Risks Associated with Swallowing a Button Battery

Despite parents’ efforts to teach their young children not to swallow non-food items, batteries present a unique danger if ingested. Due to their small size, button batteries are more prone to being accidentally swallowed when compared to larger battery types, such as AA batteries.

The most critical period during battery ingestion is when the battery is still stuck in the esophagus. Changes in tissue pH may trigger a chemical burn caused by the generation of hydroxide radicals as current flows from the positive to the negative terminal of a battery.

These radicals break down surrounding tissues and cause significant injury or death within hours. Battery ingestion can cause severe harm to the digestive system or even death, making it crucial to seek immediate medical attention if you suspect your child has ingested one. It is important to keep loose batteries away from children, secure battery compartments, and dispose of used batteries properly to prevent future incidents.

Ingesting a battery can be compared to consuming dish soap; although battery acid can be toxic, it is less likely to cause harm if it passes through a child’s digestive system and into the stomach or small intestine, rather than becoming stuck in the esophagus. However, chemical reactions caused by battery ingestion can continue even after the battery has been removed.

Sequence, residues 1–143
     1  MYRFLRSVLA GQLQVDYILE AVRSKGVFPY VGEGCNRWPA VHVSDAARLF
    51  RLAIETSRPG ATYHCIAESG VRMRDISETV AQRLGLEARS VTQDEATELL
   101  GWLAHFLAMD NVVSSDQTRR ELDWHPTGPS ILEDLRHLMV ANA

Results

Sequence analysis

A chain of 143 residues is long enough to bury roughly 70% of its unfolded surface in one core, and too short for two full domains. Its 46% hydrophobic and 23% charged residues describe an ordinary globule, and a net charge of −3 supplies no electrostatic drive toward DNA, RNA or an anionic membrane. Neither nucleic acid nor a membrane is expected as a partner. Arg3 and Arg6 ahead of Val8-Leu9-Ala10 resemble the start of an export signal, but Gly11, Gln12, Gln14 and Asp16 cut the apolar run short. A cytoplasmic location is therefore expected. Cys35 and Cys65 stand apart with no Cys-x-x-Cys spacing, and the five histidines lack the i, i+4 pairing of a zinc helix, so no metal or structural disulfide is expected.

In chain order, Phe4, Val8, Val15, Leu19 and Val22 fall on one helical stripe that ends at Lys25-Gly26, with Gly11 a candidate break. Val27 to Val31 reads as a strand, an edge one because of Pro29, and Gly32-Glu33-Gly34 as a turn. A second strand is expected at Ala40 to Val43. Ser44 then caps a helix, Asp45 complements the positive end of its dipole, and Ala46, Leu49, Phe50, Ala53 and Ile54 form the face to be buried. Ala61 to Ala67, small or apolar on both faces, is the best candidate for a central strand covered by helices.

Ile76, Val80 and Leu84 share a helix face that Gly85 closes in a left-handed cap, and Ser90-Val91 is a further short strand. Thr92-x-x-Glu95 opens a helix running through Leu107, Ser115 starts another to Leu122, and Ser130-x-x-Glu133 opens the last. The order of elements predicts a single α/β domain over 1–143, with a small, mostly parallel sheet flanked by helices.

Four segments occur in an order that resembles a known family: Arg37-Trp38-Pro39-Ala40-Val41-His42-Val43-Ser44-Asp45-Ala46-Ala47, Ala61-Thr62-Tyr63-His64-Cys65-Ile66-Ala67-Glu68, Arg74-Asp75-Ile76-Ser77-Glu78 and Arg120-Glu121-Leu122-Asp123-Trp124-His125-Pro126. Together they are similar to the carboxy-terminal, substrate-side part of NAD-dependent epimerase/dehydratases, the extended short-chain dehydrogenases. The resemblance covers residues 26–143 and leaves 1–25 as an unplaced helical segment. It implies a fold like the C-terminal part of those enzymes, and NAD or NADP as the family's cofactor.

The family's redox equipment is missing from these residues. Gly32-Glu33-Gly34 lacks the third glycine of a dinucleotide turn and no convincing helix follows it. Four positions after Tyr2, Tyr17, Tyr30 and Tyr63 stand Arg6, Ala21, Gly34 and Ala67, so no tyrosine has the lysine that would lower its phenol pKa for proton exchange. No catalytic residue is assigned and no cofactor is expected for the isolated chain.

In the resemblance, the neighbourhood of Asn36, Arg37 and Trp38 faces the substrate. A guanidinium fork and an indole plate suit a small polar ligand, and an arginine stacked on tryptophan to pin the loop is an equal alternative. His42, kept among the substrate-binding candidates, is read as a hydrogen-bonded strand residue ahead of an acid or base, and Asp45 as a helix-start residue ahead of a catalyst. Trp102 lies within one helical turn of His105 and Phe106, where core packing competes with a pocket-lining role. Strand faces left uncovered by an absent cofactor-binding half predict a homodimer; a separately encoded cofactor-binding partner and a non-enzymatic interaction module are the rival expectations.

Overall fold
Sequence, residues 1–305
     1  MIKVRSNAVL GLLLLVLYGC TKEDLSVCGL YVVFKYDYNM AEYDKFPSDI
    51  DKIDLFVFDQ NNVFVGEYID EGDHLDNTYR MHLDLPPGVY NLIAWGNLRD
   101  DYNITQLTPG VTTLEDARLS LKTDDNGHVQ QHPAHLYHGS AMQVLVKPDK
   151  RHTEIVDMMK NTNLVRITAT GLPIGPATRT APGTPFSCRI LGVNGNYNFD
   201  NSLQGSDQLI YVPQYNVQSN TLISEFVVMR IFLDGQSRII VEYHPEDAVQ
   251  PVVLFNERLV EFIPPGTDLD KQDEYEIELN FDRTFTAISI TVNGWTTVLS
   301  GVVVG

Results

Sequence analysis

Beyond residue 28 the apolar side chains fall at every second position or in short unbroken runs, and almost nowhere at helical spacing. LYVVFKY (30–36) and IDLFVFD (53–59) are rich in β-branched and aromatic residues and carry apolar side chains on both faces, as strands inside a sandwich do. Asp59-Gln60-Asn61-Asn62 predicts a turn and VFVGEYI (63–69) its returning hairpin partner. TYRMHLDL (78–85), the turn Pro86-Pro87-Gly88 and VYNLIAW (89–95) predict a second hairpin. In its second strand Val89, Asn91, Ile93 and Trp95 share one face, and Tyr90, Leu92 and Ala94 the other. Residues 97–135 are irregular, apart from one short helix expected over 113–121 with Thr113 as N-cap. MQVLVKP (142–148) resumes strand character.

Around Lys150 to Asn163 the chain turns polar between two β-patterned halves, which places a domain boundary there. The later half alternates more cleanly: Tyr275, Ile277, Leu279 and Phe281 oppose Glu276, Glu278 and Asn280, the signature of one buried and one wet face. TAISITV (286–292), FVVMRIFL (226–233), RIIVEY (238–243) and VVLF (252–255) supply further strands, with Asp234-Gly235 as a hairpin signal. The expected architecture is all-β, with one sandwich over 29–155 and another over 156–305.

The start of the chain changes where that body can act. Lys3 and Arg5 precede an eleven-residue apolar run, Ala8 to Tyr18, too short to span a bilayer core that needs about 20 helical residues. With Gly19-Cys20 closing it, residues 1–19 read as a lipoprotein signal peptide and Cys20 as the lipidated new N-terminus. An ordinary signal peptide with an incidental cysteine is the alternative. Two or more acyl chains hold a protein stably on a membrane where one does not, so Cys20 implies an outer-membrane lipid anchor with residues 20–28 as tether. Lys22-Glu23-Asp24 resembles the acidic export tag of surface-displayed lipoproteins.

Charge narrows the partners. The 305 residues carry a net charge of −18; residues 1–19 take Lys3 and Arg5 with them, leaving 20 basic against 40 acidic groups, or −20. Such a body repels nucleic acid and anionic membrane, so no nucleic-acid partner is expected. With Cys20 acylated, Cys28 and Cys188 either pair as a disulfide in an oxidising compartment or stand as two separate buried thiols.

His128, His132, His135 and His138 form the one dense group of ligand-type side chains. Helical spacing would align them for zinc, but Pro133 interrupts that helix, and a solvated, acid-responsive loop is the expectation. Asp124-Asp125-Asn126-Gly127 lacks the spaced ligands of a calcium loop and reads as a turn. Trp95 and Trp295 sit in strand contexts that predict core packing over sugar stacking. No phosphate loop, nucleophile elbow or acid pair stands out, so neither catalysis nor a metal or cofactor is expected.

Even after the battery is taken out, its contact with surrounding tissues alters the pH balance and can cause ongoing damage that takes some time to heal. Unfortunately, tragic deaths have been recorded even after the battery removal, often after several days or weeks. Tissues are delicate as they try to recover from the damage caused by battery exposure.

The esophagus, located next to the aorta, is particularly susceptible to the harmful effects of battery ingestion. To prevent such incidents, parents should ensure that batteries are stored properly and securely disposed of when no longer needed. If a child ingests a battery or other hazardous materials, seek medical attention immediately as early treatment can significantly improve outcomes and save lives.